Behind the Story: Payments

Posted: February 16, 2020 in Uncategorized

Payments,” as


Boskone Flash Fiction Slam. Photo by Brenda Noiseux

seen on this blog and the staff issue of Syntax and Salt Magazine, has a story behind the story.

That’s me in the picture to the left. Or above if it’s on mobile. I am in the middle of reading the story aloud at the First Inaugural Boskone Flash Fiction Slam a few years back. The number of participants was capped so when I saw the sign up announcement cross my twitter feed, I jumped on it.

Then I read the details of the rules.

The rules of the Slam had an extremely strict three minute time limit.

Did I have a story short enough to read in three minutes?

No. No I did not.

Three minutes goes by extremely fast unless you want to sound like that old school Micro Machines fast talking guy. But I took the whole thing as a challenge. In case you haven’t noticed before, my natural tendency leans towards the verbose. Novels are my natural length, especially back then. I’ve gotten better at keeping my storytelling tight for shorter stuff, but it’s a conscious effort and a skill I have to keep at. But you know? Challenge accepted!

The first draft of “Payments” was about 1k words. I felt pretty fancy that I got a proper story in such a short amount of space. At the time, the short stories I was shopping around tended to be in the 3-5k range.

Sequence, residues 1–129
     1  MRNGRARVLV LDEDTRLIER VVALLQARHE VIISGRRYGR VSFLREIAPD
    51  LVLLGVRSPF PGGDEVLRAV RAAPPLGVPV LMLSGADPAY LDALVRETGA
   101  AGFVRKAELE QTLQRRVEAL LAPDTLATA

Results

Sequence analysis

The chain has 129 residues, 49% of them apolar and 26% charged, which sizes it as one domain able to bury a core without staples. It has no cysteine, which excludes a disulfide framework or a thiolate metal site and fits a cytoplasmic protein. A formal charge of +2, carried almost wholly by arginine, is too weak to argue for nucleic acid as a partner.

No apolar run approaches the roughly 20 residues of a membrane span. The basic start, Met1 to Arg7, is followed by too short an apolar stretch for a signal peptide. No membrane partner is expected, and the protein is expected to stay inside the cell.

Of course, reading it aloud wasn’t even close to three minutes.

I agonized over every word in that story and trimmed it down to 700 words so I could comfortably read it in three minutes with some wiggle room to spare. I agonized over every single words and cut that had to be made. I was harsh.

So on the day of the Slam, I read it. I’m a natural introvert but I can switch on Performance Mode when i need to. Which is a good thing what since my current day job is teaching people in the shipyard.

The story went over great.

You can’t see it in the picture but I got real into the reading. I scattered the pages about me as I went cause I was just in the zone.

Now it’s time for comments from the panel of judges. The judges consisted of Nancy Holder, James Patrick Kelly, Walter Jon Williams, and Paul Di Filippo.

The first comment from James Patrick Kelly is word for word burned into my brain forever. I remember exactly how he sat in the middle of the row and looked at the notes he made on a 3×5 index card.

“Bold move bringing a cyberpunk story to the guys who invented the genre.”

Oh snap. I knew who they all were but I didn’t put two and two together until that moment.

They didn’t just judge my story, it was a full on critique at a whole different level. I was the guy who wanted to play in the same sandbox they helped build after all.

So I didn’t end up winning but the whole thing was a great experience. Performing something you’ve written like that brings a whole different understanding of your writing and its flow, particularly if you rely heavily on dialogue.

A lot of people came up to me afterwards to say how much they dug the story.

Bonus points because that’s where I met Carrie Cuinn and Rob Greene aka R.W.W. Greene, who’s debut novel, The Light Years, dropped this week and I’m enjoying a lot.

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